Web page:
An odd little book on the rise of vaporwave and what it means for our current culture that some of the most subversive music being made in the 2010s was, basically, the hold music for 1980s corporate America.
I knew basically nothing about Vaporwave until long-time internet friends brought it (and this book) to my attention years after it was cool. I like it, but subversion today doesn’t mean what it did in my day, and that, my friends, is part of getting old.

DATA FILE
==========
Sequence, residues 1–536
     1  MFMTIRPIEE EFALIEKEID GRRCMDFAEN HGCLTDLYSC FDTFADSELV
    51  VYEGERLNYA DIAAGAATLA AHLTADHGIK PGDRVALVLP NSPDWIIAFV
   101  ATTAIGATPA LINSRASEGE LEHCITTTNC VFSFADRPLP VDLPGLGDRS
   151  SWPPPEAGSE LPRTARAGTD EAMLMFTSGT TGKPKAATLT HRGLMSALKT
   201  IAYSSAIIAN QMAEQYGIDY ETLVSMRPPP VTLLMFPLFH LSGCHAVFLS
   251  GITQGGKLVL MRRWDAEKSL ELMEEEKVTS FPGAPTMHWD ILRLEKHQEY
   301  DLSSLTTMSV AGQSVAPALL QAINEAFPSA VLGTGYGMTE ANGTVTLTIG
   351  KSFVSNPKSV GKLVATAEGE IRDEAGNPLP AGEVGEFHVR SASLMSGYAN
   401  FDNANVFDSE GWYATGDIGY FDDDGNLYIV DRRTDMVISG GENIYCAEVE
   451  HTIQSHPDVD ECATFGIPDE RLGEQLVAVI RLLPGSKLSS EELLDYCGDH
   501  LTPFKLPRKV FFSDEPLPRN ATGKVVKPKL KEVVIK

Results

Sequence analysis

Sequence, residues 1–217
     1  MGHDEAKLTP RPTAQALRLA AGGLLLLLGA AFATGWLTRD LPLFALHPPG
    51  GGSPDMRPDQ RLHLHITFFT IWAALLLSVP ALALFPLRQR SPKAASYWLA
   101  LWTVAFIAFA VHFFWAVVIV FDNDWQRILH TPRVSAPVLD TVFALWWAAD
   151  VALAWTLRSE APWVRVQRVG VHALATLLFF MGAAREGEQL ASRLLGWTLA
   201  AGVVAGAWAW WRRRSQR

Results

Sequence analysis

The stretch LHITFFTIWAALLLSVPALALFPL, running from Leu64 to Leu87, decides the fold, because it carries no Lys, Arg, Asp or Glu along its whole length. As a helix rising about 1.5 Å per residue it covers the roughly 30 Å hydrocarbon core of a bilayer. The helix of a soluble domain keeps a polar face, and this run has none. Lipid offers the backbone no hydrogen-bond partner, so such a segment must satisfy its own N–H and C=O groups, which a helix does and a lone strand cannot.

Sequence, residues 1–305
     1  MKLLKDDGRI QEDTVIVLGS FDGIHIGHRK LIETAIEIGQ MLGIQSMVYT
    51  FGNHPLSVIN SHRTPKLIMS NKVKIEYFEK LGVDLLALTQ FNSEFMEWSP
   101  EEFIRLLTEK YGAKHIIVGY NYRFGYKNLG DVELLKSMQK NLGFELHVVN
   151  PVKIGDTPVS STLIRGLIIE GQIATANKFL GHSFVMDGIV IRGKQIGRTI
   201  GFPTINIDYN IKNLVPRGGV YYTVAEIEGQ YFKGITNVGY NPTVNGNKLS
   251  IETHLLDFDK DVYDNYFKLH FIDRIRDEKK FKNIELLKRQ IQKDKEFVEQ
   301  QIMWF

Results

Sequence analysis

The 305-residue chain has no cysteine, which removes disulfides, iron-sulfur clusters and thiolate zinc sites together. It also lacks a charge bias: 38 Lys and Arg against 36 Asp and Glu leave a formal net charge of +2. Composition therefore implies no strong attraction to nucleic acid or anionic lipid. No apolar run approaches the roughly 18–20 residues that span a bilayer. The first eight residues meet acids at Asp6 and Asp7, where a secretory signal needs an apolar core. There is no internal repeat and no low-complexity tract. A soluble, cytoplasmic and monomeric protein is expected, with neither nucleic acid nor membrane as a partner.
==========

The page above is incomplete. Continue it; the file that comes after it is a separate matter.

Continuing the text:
Books like these can come off as too cute by half, but Tanner really deeply knows the genre and has the Marxian chops to put a gloss on it as a genre both haunted, and haunting, late capitalism. You gotta be a certain kind of person to like books like this, but I am that kind of person.
Recommended for the enthusiast of Marxian analysis of obscure musical genres